The Startup Won’t Save Us

This is another post on Douglas Rushkoff’s new book, Throwing Rocks at The Google Bus: How Growth Became The Enemy of ProsperityRead more posts on the book here. Throw yourself headlong into the Rushkoff rabbit hole here.

There’s a chirpy critique of startups near the end of Throwing Rocks that makes for great reading. It amounts to an observation that starting a new company with the aim of sustainably delivering an excellent product or service, along with consistent dividends to investors, doesn’t work in a digital economy insistent upon unchecked growth. For many startups (and the venture capitalists funding them) like mobile game maker Zynga, the game is to grow as quickly as possible, then get bought by Facebook and cash out.

The acquisition or the IPO is not the beginning of their company’s impact but the end.

“Startups are not trying to earn revenue (which is a liability),” Rushkoff notes. “They are setting themselves up to win more capital. They are not part of the real economy or even the real world but part of the process through which working assets are converted into new stockpiles of dead ones.”

The goal is not to own a real company. The goal is to sell a fake one.

I read a steady diet of startup literature as a way of thinking about innovation in church life and entrepreneurial leadership. Pastors and consultants in the circles I run with throw around terms like “Minimum Viable Product” with ease. We listen to Tim Ferris and fantasize about having that many ideas and the energy to bring them to life.

But I’m not so sure where that’s getting us. If that game is rigged to convert everything to capital and to leave behind the empty shells of the projects we cashed out before we moved on, then why am I listening so intently to startup “experts?”

Where are the experts in making an enduring impact in the real world?

 

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6 thoughts on “The Startup Won’t Save Us

  1. As one of the aforementioned pastors who throw around terms like MVP 🙂 , I’m gonna push you on that idea that “that game is rigged.”

    You’re only considering the start-up side, and completely ignoring what the long-term owners find to be valuable in the products/services these start-ups produce. I don’t think the game is rigged. I think that one set of folk are skilled in one aspect: building something of immense value. They are ill equipped to sustain it. That’s a shift few folk can rarely make. It’s not the game, it’s the players.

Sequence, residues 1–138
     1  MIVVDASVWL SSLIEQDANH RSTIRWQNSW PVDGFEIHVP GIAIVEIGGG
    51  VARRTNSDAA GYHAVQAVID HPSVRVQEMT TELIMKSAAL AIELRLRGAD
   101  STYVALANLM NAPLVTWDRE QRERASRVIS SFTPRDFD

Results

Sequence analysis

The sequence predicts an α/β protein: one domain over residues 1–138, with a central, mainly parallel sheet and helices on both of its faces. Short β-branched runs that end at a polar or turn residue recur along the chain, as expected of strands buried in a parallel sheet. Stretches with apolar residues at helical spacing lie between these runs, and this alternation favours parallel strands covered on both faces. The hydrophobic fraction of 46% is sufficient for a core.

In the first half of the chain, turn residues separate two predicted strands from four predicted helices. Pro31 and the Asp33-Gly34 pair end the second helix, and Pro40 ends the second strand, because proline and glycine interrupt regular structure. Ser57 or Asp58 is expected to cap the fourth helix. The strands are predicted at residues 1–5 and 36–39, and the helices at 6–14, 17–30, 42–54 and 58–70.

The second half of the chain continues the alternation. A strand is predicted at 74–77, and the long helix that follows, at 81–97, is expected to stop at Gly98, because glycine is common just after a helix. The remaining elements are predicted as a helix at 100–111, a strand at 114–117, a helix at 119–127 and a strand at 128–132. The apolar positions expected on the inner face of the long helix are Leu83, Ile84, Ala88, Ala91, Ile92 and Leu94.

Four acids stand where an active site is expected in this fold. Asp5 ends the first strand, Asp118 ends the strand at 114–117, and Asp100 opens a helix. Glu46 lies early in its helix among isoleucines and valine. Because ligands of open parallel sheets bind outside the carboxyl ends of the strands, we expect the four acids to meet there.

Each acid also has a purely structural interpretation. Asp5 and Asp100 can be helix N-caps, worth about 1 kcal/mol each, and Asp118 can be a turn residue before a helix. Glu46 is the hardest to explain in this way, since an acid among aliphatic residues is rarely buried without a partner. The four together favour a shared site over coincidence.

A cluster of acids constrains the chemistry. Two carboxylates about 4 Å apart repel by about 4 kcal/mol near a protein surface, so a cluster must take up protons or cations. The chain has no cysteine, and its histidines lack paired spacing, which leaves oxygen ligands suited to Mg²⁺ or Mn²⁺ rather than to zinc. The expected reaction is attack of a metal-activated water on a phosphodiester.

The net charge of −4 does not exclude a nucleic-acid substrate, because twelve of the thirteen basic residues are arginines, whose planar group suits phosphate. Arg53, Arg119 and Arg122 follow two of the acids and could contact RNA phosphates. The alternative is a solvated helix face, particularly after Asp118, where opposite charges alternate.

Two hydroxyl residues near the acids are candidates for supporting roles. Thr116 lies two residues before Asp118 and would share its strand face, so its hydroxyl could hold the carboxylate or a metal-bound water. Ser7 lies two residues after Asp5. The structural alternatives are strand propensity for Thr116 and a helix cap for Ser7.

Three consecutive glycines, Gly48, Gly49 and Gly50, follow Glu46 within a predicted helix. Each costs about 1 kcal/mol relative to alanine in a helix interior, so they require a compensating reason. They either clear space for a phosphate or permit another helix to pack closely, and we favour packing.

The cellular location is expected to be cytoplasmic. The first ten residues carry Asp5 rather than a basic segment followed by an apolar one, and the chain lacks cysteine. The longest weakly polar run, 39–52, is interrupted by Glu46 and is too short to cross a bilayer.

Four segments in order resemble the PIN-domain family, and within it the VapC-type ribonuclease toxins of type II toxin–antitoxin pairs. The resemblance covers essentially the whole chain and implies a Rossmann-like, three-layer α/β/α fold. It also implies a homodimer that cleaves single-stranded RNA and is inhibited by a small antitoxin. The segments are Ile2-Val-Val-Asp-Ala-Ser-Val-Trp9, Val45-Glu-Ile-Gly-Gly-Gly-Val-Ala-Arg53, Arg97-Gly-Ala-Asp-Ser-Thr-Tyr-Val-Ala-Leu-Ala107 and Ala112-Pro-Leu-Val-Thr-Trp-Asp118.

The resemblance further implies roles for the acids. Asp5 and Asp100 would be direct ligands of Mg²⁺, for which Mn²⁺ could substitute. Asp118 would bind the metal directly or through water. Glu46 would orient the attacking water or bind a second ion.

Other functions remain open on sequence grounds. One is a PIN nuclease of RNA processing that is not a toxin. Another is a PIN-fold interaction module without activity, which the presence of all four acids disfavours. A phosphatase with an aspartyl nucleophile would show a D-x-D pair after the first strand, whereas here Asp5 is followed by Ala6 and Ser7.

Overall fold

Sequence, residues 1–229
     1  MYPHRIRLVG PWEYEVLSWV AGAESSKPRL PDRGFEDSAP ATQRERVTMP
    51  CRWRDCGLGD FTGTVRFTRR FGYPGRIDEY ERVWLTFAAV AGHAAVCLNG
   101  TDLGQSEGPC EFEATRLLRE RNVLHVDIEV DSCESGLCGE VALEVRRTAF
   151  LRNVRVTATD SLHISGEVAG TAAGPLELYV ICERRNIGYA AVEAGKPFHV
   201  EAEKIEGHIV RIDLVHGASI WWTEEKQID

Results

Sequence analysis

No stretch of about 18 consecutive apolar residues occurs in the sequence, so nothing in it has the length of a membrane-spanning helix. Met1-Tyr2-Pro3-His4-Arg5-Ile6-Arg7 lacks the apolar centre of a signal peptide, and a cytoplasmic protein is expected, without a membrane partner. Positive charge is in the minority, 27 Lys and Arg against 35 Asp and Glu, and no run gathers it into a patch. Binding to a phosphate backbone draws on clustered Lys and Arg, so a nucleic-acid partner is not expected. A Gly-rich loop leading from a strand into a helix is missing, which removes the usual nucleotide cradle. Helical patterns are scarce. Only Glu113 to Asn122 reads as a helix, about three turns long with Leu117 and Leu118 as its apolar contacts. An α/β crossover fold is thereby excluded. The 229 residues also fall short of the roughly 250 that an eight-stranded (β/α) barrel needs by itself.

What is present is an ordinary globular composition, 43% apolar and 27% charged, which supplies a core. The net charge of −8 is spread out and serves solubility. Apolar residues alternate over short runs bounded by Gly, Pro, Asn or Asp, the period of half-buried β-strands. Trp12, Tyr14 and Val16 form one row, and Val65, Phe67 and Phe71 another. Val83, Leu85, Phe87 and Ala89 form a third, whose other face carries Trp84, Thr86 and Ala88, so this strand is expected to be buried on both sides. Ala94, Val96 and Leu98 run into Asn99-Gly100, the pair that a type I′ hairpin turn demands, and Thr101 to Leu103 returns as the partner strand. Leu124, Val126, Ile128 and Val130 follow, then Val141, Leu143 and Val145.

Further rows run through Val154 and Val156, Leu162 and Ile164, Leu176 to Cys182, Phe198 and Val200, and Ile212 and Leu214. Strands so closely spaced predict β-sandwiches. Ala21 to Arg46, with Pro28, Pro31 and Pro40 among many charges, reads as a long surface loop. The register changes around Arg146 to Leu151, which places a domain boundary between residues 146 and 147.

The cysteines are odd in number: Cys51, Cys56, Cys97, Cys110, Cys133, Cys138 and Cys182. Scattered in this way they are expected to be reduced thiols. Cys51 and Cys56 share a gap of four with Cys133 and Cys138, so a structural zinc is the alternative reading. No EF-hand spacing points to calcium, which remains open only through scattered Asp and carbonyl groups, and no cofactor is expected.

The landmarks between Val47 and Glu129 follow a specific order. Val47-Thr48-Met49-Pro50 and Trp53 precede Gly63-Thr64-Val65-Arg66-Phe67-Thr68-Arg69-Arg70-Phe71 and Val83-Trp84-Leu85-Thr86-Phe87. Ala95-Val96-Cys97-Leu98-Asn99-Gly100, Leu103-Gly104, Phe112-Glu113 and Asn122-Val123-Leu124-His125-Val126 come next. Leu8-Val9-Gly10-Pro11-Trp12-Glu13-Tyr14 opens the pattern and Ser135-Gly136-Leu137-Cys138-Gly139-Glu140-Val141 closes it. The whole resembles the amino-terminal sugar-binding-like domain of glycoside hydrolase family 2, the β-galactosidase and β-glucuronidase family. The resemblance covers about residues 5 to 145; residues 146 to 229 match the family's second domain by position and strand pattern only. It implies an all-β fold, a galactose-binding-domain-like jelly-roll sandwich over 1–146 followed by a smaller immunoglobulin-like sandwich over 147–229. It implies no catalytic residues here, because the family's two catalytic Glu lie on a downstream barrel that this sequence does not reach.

I find a lot of value in start-up literature. Indeed, I would bank any success I’ve had on following it’s principles. But I’ve also had to recognize when the time is at hand to pivot (there’s another start-up word) to keeping the sustainability in the forefront, and that means slowing the growth because it’s unhealthy.

    The experts at maintenance are all around you. They’re the schmoes who haven’t built anything for years, or have never built anything in their lives. Frankly, they are the boring ones. They idolize maintenance because starting up is hard work, and full of failure. That’s why they sit back, buy up the start-ups, and leverage them for their own purposes. Is that who you’re saying you want to emulate?

    1. Absolutely not. I’m only now experiencing some ambivalence about the startup literature, wondering–per Rushkoff–if a lot of it isn’t biased away from creating long term value and towards growth for its own sake and the cash out. I want to emulate the people who are starting new and important ventures and also spreading ownership of those ventures deep and wide. You obviously don’t share my hesitation about the startup literature, right?

      1. That’s where Rushkoff and I are going to disagree, I think.

        I don’t think the literature is biased. I think the stories that tend to rise above the din are of folks who have used those insights to not the most noble ends. *Anyone* who is ultimately successful in business and new ventures will tell you that the long term strategy to take is one of sustainable growth. But the fact remains that there are builders and there are maintainers. Instagram is a great example. Someone built it and now Facebook is maintaining it.

        So, no, I don’t have the hesitation you do. Again, I think I’ve been pretty successful in applying the insights to my own work, and then pivoting to ensuring my organization digs deep to solidify longterm benefit.

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